Cage is perhaps best known for his 1952 composition 4'33", which is performed in the absence of deliberate sound; musicians who present the work do nothing aside from being present for the duration specified by the title. The content of the composition is not "four minutes and 33 seconds of silence," as is sometimes assumed, but rather the sounds of the environment heard by the audience during performance. The work's challenge to assumed definitions about musicianship and musical experience made it a popular and controversial topic both in musicology and the broader aesthetics of art and performance... San Francisco Composers Chamber Orchestra presents the first movement of 4'33'' in this the centenary year of the Cage's birth.

In the spirit of Kurt Weill and Bertolt Brecht's The Threepenny Opera, Saga: Portrait Of A 21ST-Century Child, is social commentary through a musical lens. In this tragedy our heroine becomes the sacrifice that society demands. No-one needs her, wants her, has time for her. As a result, she is energy run wild, with no moral compass, bereft of compassion except for herself. The music is achingly beautiful and allows the listener to digest the harsh truth of the underbelly of the very greedy who pursue their own ends to the detriment of their offspring and society. She sings,... "How did I find myself alone, so full of toys without a home..." and we travel with her on her tortuous journey toward self definition and violence both coming toward her and emanating from her. The Overture is a combination of themes from the opera that at once disarm and place the listener on guard. For reviews and more information please visit www.shelinan.com

Academy was originally written at the piano with the intention of creating a piece that could be related to by many. It is meant to describe the emotion that we as humans feel during our moments of malaise. To a child, it might be reminiscent of the dark: not an evil thing, but strange and unlikable. To a teenager, it might represent the feeling that school often evokes, hence the name.

Points of Reference was commissioned by violist Ayako English for members of the Oakland Civic Orchestra and premiered on June 3, 2012. The work focuses on the development and variation of motific material in a series of melodic episodes derived from a simple chorale. At the heart of the work is the conversational interplay between instruments and the spinning out of thematic material. Scant musical references may suggest strains of Debussy and Copland, the irony of Shostakovich, the wit of Stravinsky and jazz harmony. The composer would like to thank Allan Crossman for his remarkable insights on multiple drafts of the work.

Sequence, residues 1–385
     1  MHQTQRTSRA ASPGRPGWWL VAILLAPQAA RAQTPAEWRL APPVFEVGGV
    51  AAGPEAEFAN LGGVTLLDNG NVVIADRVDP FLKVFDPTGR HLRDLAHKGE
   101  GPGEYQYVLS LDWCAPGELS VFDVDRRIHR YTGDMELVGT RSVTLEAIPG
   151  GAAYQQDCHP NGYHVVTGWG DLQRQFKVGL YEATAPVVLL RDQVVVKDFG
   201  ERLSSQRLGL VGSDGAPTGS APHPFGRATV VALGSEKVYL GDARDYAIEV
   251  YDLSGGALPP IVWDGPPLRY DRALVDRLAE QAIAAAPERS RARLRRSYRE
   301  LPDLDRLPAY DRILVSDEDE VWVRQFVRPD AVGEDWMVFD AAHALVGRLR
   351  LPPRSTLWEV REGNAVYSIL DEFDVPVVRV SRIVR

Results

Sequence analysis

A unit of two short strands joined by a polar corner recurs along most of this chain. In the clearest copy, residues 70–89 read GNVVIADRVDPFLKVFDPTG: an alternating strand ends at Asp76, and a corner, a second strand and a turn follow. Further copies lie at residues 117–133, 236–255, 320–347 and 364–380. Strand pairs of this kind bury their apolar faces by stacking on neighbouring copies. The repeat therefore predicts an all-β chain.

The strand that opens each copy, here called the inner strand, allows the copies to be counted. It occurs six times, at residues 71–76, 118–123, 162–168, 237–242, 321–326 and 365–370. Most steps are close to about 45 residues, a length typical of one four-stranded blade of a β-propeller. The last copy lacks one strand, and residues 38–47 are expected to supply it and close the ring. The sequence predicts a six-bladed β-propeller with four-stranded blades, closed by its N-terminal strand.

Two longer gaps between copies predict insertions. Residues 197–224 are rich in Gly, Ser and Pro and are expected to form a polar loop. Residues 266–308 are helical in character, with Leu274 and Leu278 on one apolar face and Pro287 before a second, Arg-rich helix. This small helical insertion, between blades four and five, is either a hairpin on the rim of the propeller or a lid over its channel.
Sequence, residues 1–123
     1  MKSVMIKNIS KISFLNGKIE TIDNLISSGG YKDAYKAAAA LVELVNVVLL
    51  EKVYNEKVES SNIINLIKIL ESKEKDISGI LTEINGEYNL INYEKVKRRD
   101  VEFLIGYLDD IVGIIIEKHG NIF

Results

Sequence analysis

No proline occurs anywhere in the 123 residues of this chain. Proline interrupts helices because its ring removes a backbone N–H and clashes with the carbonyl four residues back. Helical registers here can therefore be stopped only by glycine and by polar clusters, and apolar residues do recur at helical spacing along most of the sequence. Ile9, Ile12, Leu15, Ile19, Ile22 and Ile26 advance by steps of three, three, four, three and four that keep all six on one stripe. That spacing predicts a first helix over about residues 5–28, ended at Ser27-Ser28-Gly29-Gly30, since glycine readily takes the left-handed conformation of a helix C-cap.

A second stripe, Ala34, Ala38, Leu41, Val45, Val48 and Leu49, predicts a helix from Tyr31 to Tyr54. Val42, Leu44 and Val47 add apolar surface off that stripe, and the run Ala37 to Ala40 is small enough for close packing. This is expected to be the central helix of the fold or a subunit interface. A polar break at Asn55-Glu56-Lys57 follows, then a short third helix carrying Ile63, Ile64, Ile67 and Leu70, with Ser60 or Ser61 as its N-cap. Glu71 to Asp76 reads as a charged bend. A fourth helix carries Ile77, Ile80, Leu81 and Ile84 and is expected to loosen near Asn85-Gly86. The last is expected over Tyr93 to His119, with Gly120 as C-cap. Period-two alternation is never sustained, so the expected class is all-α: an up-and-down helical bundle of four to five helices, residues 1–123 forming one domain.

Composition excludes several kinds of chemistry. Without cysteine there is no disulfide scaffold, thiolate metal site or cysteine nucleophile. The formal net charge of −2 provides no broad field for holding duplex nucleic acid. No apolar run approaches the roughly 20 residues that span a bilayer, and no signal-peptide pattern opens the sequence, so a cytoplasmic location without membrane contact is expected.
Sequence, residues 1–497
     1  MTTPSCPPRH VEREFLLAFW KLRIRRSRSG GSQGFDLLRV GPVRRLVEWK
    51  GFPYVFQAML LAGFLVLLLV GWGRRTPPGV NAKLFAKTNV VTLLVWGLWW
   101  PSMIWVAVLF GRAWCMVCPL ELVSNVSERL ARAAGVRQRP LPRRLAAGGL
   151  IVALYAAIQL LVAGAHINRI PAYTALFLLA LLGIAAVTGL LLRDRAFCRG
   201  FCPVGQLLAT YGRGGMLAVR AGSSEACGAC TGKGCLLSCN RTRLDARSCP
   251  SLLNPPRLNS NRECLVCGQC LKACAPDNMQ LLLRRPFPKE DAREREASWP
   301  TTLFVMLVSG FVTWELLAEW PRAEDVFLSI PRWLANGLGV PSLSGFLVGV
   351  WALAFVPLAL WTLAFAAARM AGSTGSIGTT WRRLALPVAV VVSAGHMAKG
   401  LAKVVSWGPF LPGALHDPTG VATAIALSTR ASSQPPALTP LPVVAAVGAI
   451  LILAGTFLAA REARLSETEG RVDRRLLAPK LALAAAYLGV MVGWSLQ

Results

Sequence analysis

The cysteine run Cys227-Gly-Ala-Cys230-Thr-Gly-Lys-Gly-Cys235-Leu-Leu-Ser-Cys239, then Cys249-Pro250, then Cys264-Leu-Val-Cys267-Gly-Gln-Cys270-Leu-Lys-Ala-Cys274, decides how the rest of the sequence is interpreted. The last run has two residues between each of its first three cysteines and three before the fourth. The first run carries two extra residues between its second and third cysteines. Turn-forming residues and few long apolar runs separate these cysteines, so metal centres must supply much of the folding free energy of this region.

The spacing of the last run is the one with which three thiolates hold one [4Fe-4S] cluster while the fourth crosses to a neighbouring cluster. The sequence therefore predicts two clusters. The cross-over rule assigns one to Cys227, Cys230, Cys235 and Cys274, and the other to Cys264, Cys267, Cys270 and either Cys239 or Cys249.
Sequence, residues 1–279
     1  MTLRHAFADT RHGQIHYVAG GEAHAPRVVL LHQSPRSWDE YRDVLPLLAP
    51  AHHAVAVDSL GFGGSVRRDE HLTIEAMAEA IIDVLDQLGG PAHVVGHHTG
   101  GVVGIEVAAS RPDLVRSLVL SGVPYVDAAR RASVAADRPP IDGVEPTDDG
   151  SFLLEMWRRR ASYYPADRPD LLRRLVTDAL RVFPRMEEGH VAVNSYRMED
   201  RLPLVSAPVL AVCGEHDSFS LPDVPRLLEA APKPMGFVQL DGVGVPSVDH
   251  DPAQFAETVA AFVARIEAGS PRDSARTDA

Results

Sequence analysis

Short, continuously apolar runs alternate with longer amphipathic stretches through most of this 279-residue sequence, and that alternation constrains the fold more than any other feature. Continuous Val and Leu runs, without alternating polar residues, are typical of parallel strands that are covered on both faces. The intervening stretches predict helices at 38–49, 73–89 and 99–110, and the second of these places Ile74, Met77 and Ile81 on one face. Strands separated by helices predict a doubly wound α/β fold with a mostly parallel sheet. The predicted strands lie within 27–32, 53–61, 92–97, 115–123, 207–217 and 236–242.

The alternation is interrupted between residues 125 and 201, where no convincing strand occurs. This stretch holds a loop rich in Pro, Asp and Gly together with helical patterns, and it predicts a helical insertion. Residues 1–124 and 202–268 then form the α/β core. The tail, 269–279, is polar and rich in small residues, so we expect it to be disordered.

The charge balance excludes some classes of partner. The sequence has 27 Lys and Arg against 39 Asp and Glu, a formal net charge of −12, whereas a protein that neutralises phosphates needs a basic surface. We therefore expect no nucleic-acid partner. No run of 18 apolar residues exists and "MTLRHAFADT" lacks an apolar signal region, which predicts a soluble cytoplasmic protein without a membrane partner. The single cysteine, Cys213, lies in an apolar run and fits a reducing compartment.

Solar Wind II is an orchestral version of Solar Wind I (a quintet) and Solar Wind (a trio originally written as a dance piece). The composition takes inspiration from a YouTube video of the Sichuan Dance Academy and the movie Sunshine. The YouTube video provides the theme of the piece, and Sunshine the idea of the solar wind, an overwhelming force of nature that wipes you away. These elements are put together in a dream like narrative, where we wake up into an alternate reality and proceed to an encounter with the Sun. This is necessarily more imagined than real, and we re-enter ordinary reality at the end of the piece by falling back asleep. Compositionally the piece is inspired by Igor Stravinsky, with an oblique reference to The Rite of Spring, and the consistent use of a compositional technique (rotational sequencing of a series of pitches, in this case the pitches making up the theme of the piece) that can be found in his late works. Different from Solar Wind and Solar Wind I, orchestral harmonies are derived using a number of spectral techniques. In addition Solar Wind II has grown in length due to the presence of the full orchestra.